yeah they did between the wheels off grace under pressure last i saw them and the crowd was loving it

and that's like a weird album cut too, not like some huge single or something that people would expect or that the band would somehow feel obligated to play

it's detlef season, you schremps (upper mississippi sh@kedown), Monday, 28 June 2010 16:43 (seven years ago) Permalink

Alex was just as guilty of diluting his guitar potency with fx pedals as Geddy was with introducing keyboards into the band, so for him to complain around the time of Power Windows is kind of like pot meet kettle. Anyway, it seems like around the time of Hold Your Fire they brought the guitar back to the forefront (though to say that they'd done away with synths at that point is kind of ridiculous). That whole part of the doc was kind of muddy with its intent, but I can put the pieces together of how things went down just by listening to the records.

Johnny Fever, Monday, 28 June 2010 16:49 (seven years ago) Permalink

see, i sorta love that era of alex's playing...very weird and fractured type stuff...one of the only OG classic rock dudes that seemed to take anything valuable from new wave/post punk....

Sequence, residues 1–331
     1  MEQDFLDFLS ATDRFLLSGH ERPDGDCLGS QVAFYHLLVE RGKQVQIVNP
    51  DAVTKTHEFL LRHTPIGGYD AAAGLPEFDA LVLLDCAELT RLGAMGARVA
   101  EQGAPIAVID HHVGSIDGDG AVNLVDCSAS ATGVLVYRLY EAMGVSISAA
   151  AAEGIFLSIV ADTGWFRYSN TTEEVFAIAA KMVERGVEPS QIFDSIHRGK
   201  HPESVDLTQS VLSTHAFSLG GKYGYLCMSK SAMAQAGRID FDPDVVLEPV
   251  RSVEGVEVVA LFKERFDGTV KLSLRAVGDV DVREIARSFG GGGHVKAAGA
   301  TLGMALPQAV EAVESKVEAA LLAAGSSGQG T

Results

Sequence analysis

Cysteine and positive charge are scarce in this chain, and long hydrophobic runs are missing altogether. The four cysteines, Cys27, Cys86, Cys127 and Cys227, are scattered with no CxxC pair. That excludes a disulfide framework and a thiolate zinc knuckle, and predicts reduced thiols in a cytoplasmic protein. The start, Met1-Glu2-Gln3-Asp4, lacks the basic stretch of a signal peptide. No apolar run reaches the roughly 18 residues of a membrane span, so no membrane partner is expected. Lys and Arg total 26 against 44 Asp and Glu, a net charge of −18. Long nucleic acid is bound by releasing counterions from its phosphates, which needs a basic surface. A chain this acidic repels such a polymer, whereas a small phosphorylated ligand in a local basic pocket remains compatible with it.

they were using synths well before the that era anyway, this idea that using synths or efx is "diluting" Rush seems very odd to me, as if ppl think of Rush as some primal rock dudes like Motorhead or AC/DC or something

it's detlef season, you schremps (upper mississippi sh@kedown), Monday, 28 June 2010 16:52 (seven years ago) Permalink

Oh no, you misread me (probably because I didn't elaborate). I love fx-heavy guitar, always have. I appreciate that he was all about textures for the Signals/Grace/Windows era. I just meant "diluted" in the traditional rock sense.

Johnny Fever, Monday, 28 June 2010 16:56 (seven years ago) Permalink

oh okay yeah cuz i have friends that play kinda weird rock now that cite the lifeson of that era as being sorta influential, because we all grew up in nowheresville midwest and that was as close to like "arty" guitar playing as we had heard in comparison to all the metal and classic rock dudes we knew growing up

textural is the perfect word for it

lots of his playing in that era reminds me of the comsat angels

it's detlef season, you schremps (upper mississippi sh@kedown), Monday, 28 June 2010 17:00 (seven years ago) Permalink

This guitars vs synths polarity is weird. After borrowing a copy of Power Windows last month from a friend, I heard just as much RAWK moments on stuff like "Emotion Detector" and "Manhattan Project" as I would have pre-Moving Pictures. The songs are shorter, though, but denser, more muscular; lots of stuff going on in them.

Filmmaker, Author, Radio Host Stephen Baldwin (Alfred, Lord Sotosyn), Monday, 28 June 2010 17:00 (seven years ago) Permalink

listening to "Distant Early Warning" right now! this song rules...

it's detlef season, you schremps (upper mississippi sh@kedown), Monday, 28 June 2010 17:05 (seven years ago) Permalink